So, let’s see if we can figure out where my analysis could have been better. For instance, this assumption:
Even with Shields, the Royals were still a mediocre team.
This was the crux of my argument when the trade was made; deals like that can be justified at times, when you have a very high likelihood of reaching the postseason—I’ve defended the A’s use of Addison Russell to acquire Jeff Samardzija because of their position at the time of the trade, for instance—but I didn’t think the Royals were a 90-plus-win team even with the upgrade. And I’m not sure that part was wrong. They won 86 games last year and 89 this year, and the 89 wins required outperforming their BaseRuns expected total by eight wins, the biggest difference in baseball this year. Since Shields was acquired, their BaseRuns winning percentage is .517, pretty much the definition of mediocre.
But while I think I can defend my analysis of the Royals’ talent level, that doesn’t make the overall argument correct. Over the last couple of years, we’ve seen essentially unparalleled parity in MLB, and this year, we have a World Series matchup between two teams that made the playoffs via the wild card. In 2012, the Tigers got to the World Series with 88 regular season wins; in 2011, the Cardinals won it all after winning just 90 games. While better teams are still more likely to win out in the postseason, the structure of the playoffs gives a real chance to every team who simply qualifies, even if they sneak in via the wild card. So maybe I underestimated the potentially positive returns from being on the good side of mediocre.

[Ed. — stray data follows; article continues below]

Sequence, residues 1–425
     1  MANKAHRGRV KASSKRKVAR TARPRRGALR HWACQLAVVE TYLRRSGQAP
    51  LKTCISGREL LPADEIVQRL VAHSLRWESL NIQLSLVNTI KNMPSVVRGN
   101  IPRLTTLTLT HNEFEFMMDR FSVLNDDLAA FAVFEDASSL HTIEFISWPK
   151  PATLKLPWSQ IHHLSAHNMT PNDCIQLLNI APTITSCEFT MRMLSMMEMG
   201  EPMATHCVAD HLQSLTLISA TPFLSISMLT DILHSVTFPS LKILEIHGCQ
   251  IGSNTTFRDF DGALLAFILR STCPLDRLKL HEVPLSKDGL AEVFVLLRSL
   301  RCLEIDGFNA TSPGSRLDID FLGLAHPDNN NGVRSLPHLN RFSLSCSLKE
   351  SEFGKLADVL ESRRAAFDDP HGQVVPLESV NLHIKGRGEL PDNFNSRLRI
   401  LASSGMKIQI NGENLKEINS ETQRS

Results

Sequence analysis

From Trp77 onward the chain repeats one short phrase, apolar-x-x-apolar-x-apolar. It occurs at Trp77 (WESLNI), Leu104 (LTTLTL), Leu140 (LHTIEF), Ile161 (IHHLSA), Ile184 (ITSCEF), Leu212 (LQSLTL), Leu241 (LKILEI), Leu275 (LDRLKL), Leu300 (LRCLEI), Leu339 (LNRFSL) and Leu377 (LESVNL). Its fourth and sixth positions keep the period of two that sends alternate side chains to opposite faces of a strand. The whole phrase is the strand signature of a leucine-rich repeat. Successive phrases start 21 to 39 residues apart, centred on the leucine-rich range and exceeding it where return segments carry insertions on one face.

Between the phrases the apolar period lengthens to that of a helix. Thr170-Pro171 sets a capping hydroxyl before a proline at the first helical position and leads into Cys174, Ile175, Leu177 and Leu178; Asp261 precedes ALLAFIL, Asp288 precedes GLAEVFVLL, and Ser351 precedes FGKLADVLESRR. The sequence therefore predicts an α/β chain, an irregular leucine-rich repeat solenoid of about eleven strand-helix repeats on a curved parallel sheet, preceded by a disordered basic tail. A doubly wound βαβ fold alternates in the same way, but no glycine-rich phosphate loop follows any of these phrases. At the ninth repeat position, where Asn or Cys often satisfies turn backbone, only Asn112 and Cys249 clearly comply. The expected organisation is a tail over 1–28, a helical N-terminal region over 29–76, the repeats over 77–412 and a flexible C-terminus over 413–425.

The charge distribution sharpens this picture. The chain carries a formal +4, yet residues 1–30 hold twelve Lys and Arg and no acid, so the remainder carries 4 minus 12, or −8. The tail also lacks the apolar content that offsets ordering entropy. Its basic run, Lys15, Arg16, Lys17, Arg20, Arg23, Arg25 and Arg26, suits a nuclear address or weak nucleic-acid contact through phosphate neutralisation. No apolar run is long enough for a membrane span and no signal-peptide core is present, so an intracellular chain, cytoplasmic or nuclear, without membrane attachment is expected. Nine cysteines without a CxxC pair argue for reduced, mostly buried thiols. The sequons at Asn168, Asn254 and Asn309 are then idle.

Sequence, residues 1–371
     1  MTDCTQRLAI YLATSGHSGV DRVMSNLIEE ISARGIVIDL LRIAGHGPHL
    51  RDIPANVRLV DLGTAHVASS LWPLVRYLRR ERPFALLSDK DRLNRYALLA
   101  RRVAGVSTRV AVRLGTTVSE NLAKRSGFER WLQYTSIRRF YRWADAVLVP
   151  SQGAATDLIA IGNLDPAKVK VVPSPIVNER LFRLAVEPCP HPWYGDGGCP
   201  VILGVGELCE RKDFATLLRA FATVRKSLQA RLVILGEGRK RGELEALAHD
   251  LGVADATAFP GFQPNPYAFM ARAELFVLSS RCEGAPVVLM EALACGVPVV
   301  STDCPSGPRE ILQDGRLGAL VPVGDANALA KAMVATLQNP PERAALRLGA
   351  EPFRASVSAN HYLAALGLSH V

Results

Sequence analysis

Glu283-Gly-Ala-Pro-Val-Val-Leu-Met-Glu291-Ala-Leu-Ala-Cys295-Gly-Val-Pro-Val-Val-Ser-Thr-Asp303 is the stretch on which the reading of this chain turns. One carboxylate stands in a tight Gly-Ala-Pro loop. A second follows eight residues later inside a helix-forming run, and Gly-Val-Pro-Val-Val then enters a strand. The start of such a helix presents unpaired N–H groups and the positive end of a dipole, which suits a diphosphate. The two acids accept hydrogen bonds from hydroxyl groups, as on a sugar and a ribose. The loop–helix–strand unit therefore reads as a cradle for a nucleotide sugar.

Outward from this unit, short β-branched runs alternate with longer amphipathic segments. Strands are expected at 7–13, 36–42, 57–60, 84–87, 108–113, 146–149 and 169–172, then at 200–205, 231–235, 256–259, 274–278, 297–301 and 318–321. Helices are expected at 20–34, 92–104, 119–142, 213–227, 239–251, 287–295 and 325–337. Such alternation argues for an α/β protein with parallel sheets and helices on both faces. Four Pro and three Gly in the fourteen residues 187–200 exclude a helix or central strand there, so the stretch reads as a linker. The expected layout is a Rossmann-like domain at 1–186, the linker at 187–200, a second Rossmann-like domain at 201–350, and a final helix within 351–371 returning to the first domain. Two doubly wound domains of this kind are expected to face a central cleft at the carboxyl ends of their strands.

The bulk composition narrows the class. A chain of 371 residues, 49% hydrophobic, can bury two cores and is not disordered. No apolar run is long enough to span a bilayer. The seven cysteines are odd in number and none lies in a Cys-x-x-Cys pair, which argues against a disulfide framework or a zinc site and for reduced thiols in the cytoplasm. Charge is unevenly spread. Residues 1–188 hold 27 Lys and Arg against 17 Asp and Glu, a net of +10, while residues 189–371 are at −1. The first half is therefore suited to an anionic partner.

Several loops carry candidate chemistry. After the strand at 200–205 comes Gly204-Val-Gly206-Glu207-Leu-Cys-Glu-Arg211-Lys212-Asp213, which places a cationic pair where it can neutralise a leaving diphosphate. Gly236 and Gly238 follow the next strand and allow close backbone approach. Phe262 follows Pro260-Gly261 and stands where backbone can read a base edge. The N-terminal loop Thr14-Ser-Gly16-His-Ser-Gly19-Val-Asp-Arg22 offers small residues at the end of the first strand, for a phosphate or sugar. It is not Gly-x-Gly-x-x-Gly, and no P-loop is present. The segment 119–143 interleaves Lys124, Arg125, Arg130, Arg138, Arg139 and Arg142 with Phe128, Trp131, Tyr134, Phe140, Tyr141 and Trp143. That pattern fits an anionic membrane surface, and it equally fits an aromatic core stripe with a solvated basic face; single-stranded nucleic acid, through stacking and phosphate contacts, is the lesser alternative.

After all, our calculations on when to make a bet shouldn’t just include the probability of that bet winning, but the magnitude of the results of each outcome. Let’s use a poker analogy to make this point.
Let’s say you’re playing a hand of poker, and you’ve got four cards to a straight, with one card to still be drawn. This gives you about a 16 percent chance of making your hand on the final card and an 84 percent chance of going bust. Basically, you have about the same success rate as a pitcher hitting. You’re probably going to fail. However, let’s say the pot is at $1,000, and your opponent only bets $100. Now, even with the likelihood of failure being the overwhelming expected outcome, folding is a mathematically incorrect decision—to the extent that we’re covering all poker strategy in one analogy, which we’re obviously not, since this is just an example—because when the cards do fall your way, you win enough to cover all of the times you lost making that same play and still come out ahead. Betting on an expected loser can be a good play when the outcome is strongly positive when you do win.